For decades, scientists have proposed a potential alternative to nuclear fission power, a fusion reactor. It can theoretically generate more power than the Sun. While we are still years behind in achieving a working fusion reactor that can meet energy needs, some countries are making significant developments. South Korea is one of them. The Korea Superconducting Tokamak Advanced Research (KSTAR) has just created a new world record in its fusion power technology.

KSTAR's artificial sun — still not a fully working nuclear fusion reactor — was able to maintain continuous plasma operation for 20 seconds with the ion temperature at over 100 million degrees Celsius. The research which is being conducted jointly by the Korea Institute of Fusion Energy (KFE), Seoul National University (SNU) and Columbia University (US) achieved the incredible feat on November 24.

Sun
KSTAR's artificial sun managed to sustain a temperature of 100 million degrees Celsius for 20 seconds (representational image) Wikimedia Commons

While other research centers have been able to produce such enormous temperatures — 100 million degrees or higher — their devices could not sustain the plasma temperature for over 10 seconds. This is the first time that a device has been able to break the barrier.

"The technologies required for long operations of 100 million-plasma are the key to the realization of fusion energy, and the KSTAR's success in maintaining the high-temperature plasma for 20 seconds will be an important turning point in the race for securing the technologies for the long high-performance plasma operation," Si Woo Yoon, KSTAR's director said.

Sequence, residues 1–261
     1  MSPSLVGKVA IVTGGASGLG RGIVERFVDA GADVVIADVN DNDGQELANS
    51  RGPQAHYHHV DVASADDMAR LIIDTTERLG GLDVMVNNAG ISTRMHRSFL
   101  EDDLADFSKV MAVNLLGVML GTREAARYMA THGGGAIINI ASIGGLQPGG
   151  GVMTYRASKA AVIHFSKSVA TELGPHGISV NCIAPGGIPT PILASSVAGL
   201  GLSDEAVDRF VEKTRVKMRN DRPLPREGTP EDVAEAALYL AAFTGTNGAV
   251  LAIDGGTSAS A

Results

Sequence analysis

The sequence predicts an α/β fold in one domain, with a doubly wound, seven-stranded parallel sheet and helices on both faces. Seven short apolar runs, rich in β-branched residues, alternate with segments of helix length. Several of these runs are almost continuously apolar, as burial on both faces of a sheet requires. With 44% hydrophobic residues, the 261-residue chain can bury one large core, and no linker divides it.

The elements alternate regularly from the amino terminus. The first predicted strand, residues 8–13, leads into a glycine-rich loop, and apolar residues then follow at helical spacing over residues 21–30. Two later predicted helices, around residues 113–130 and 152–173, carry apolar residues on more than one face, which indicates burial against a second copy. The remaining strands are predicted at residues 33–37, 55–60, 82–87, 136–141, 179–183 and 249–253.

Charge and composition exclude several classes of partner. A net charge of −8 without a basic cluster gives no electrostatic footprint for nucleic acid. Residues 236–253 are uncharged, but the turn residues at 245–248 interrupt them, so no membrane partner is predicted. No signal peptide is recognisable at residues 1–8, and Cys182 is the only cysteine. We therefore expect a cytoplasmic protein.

Why Is It Important?

When two or more atomic nuclei come close for a longer duration, the light atoms fuse together to create a heavier nucleus. In the process, it releases energy. The birth of a star also undergoes a similar process while the Sun generates its energy by nuclear fusion, turning hydrogen nuclei into helium. Scientists believe if they can sustain the energy burst for a longer duration, it can solve all our energy needs. However, so far, the challenge has been to maintain a high temperature for a longer duration. In contrast, in nuclear fission — a method that is used in nuclear power plants — heavy nucleus splits, releasing energy.

Tokamak reactor
KSTAR's Tokamak reactor is the first to sustain a temperature of 100 million degrees for 20 seconds National Research Council of Science & Technology

Achieving such a high temperature and sustaining it is "a critical component of a commercial nuclear fusion reactor in the future". But it comes with technological limitations. KSTAR previously (2018) managed to achieve a plasma ion temperature of 100 million degrees for only about 1.5 seconds.

The theoretical operational limit of Tokamak (toroidalnaia kameras magnitnymi katushkami or toroidal chamber with magnetic coils) devices is 100 million degrees. Hence, operating for more than the limit has been a hurdle. Such monstrous temperature is needed to separate individual ions and electrons from hydrogen isotopes that creates the energy.

How Did They Achieve That?

To achieve that feat, the scientists had to make changes in the plasma operation modes. KSTAR improved Internal Transport Barrier's (ITB) performance as the ITB is responsible for sustaining the high temperature in plasma operation.

Yong Su Na, a professor at the SNU's Department of Nuclear Engineering said that the feat brought them a step closer to achieving technology for nuclear fusion energy that can be game-changing. "The success of the KSTAR experiment in the long, high-temperature operation by overcoming some drawbacks of the ITB modes brings us a step closer to the development of technologies for the realization of nuclear fusion energy," he said.

After improving the performance of the Tokamak device, it first began operating in August 2020. From that to December 10, scientists had planned a total of 110 plasma tests including high-performance plasma operation and disruption mitigation experiments. In the future, KSTAR aims to operate the device at over 100 million degrees and a continuous operation of 300 seconds or more. They have set the goal of hitting the target by 2025.